I get your point about contract law, the problem is all the other baggage that went along with that denial of rights (sexual explotation, complete and total demoralization and humiliation, beatings, etc.) For African Americans it’s not a matter of contract law and it would be humiliating and insensitive to discuss it in that matter. I can’t even think of an ancient Roman law that defined a slave as being less than a human, for example.

  • strumpetwindsock

    @Chitown Kev:
    No… that’s not what I meant.
    Sorry if I didn’t explain it clearly enough. I agree with you about the absolute degradation and denial of rights that African Americans suffered. As I have said, if you want to talk about who has suffered as much as black people, some of the indian nations might have a case, but our situation pales in comparison – in my opinion, anyway.

    My point was that there is no such thing as “slave rights”. The institution of slavery violated the right to human racial equality because it did not afford non-whites the same protection from slavery that whites enjoyed.

    I did not mean that slavery was simply a contract matter. In the days of slavery it fell under contract law because slaves were considered property – but only because laws allowing slavery were a gross denial of human rights.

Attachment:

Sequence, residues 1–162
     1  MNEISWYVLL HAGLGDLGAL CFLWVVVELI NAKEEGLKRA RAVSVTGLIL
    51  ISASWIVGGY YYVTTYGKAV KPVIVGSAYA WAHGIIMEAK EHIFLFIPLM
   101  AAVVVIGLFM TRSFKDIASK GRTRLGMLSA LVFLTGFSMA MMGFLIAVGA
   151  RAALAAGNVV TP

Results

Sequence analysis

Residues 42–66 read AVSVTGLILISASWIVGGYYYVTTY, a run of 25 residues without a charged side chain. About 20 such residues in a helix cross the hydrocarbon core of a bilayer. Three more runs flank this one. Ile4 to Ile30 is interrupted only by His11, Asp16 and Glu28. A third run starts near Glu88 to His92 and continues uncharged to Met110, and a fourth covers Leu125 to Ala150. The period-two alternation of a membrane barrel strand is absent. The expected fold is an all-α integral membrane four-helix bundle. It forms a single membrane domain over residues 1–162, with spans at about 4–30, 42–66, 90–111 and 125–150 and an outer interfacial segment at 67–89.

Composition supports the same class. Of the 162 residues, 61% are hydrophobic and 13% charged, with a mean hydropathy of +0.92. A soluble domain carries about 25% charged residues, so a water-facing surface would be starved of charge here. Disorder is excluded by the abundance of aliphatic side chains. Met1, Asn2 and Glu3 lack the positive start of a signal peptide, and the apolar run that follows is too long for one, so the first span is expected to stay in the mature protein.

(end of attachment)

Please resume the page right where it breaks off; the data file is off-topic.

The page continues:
Really, I only brought it up because I felt the inaccurate “slave rights” term made a potentially volatile post even worse. It wasn’t my intention to throw gas on the fire myself.

    But your mention of not being considered a person reminds me of the fight for women’s suffrage here in Canada. Until 1917 (earlier in some provinces) women were not allowed the vote because they were not considered human beings under the British North America Act, which was our de facto constitution until the 1980s.

    Women did enjoy some protection under the law, and protection from slavery (unlike African Americans), but they were in a legal limbo. One of the events which did a lot to change things was actually a piece of theatre, which took place in the city I come from, Winnipeg. A group of women activists stages a mock parliament in which they argued why men should not have the vote:

    I know we’ve been talking a lot recently about how to challenge those who deny our rights. In my opinion real progress usually doesn’t come down to building walls or fighting, but rather opportunities to show the bigots how we are all the same, and demonstrate how ridiculous and hurtful their ideas are.